|South-South Cooperation Matters in a Changing World---On the 20th UN International Day for South-South Cooperation|
This September 12 marks the 20th UN International Day for South-South Cooperation. Over the past decades, the Global South, i.e., the whole of emerging economies and developing countries, once a sidelined force in the unipolar era after the Cold War ended, has emerged into an increasingly strong driver for a multipolar world.
The collective rise of the Global South is fundamentally changing the global landscape. According to the IMF, emerging market and developing economies represent 85 percent of the world’s population and nearly 60 percent of global GDP based on Purchase Power Parity. In international affairs, the Global South, more confident in raising voice and united in seeking strength, has become a key player in shaping the global order.
The world is now living through drastic changes. Various security challenges continue to surface, while the global economy is still battling against significant headwinds on its path to recovery. In a world of both transformation and turbulence, closer South-South cooperation brings more stability, certainty and opportunities to the international community.
Solidarity is a shining tradition among countries in the Global South, and many recognize that China and Africa lead by examples in this regard. When the COVID-19 hit China, Africa and many other Global South countries extended their helping hand and sent much-needed supplies. In later stages of the pandemic, when major developed countries were busy hoarding vaccines, China made selfless donations to its African brothers and developing friends.
Intra-Africa solidarity is another good example of South-South cooperation. The Africa Solidarity Trust Fund, an initiative by Food and Agriculture Organization and African countries, contributes to unlocking the potential of intra-African cooperation to bring about rural transformation, benefiting millions of rural people in Africa.
Development is the biggest common denominator for the Global South. The Global South believes that the international community should work together to make global development more inclusive, universal and resilient, and accelerate the implementation of the UN 2030 Agenda for Sustainable Development.
Yet, global development has experienced major setbacks. Secretary-General Guterres warned recently, “Just 12 percent of the Sustainable Development Goals (SDGs) targets are on track. Progress on 50 percent is weak and insufficient. Worst of all, we have stalled or gone into reverse on more than 30 percent of the SDGs.”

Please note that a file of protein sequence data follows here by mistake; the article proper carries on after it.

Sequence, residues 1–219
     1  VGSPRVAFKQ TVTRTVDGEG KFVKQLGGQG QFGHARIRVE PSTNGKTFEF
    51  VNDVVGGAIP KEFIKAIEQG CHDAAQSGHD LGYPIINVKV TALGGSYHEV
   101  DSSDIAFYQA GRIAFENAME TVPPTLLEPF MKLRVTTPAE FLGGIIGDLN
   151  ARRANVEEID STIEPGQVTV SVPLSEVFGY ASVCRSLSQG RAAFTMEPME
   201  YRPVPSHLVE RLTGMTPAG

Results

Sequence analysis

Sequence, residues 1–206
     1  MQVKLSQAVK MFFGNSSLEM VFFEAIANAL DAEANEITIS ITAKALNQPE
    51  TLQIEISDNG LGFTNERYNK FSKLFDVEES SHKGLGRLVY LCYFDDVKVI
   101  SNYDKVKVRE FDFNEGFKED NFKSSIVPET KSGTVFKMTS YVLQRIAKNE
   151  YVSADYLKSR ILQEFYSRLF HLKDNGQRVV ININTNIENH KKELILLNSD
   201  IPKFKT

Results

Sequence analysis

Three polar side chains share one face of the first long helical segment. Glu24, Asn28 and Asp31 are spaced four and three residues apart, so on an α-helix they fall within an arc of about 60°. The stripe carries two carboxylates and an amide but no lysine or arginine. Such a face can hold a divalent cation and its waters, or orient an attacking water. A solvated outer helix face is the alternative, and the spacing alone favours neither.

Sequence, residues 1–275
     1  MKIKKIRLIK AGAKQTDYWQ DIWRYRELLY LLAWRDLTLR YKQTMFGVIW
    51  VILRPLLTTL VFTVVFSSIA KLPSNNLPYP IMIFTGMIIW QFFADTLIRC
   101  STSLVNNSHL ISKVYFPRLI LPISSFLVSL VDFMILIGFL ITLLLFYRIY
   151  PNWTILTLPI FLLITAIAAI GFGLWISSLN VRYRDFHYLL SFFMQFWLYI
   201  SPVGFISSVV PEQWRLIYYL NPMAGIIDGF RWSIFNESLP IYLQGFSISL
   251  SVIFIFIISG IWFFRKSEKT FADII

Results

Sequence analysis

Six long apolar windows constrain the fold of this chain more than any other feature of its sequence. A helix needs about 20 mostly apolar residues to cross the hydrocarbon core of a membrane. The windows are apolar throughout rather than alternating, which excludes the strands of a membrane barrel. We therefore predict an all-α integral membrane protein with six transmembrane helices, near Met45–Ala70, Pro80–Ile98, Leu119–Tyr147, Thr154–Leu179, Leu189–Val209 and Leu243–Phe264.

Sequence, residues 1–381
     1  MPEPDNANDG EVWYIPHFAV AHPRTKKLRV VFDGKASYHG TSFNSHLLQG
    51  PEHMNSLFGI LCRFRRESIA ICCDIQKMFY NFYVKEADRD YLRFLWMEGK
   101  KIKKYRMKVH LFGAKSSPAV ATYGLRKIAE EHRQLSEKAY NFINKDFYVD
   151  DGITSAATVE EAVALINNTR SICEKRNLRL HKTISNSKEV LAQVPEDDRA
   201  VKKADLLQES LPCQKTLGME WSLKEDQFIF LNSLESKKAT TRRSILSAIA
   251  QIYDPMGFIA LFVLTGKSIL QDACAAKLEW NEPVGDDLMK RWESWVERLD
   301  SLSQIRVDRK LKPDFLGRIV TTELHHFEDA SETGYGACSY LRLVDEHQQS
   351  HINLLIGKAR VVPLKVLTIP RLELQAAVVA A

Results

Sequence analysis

However, the West is neither intended nor able to help address the fundamental concerns of the emerging economies and developing countries. What they have done is paying little more than lip-services and shirking responsibilities. Some even purposefully set barriers for latecomers, and even form exclusive “small blocs” to block the trend of developing countries’ collective rise.
That’s why South-South cooperation is needed more than ever. Global South countries have already pursued increased synergy among a host of development initiatives, such as China’s Global Development Initiative, African Union’s Agenda 2063, Saudi Arabia’s Vision 2030, and the ASEAN Community Vision 2025.
Apart from development, poverty reduction, food and energy security, and climate change are also common concerns of developing countries that call for closer South-South cooperation. China-Africa Digital Innovation Partnership Program is a pioneering move to help African agricultural development. The Kigali Communique signed by 10 African countries is another typical case of South-South cooperation in green energy transition.
Equity and justice are the common proposition of the Global South. The whole of emerging economies and developing countries still hold limited sway in the post-World War II world order. For example, they are represented inadequately and treated unfairly within the IMF, the World Bank, and the WTO as the financial system was conceived by a group of rich countries and naturally basically benefits rich countries.
Given this, greater and bolder South-South cooperation is required to champion true multilateralism and seek greater democracy and equity in the international order. The historic BRICS expansion is a new starting point. As South African President Cyril Ramaphosa put it, “BRICS has embarked on a new chapter in its effort to build a world that is fair, a world that is just, a world that is also inclusive.”
Promoting the implementation of the SDGs will be among the agenda items for the forthcoming UN General Assembly, and the G77 + China Leaders’ Summit, a major event for the Global South. Together, countries in the Global South must utilize the opportunity to speak with one voice and take greater action for the achievement of a better future for all. And this makes the theme of this year’s South-South Cooperation Day -- Solidarity, Equity and Partnership -- all the more relevant.
The author is a current affairs commentator based in Beijing.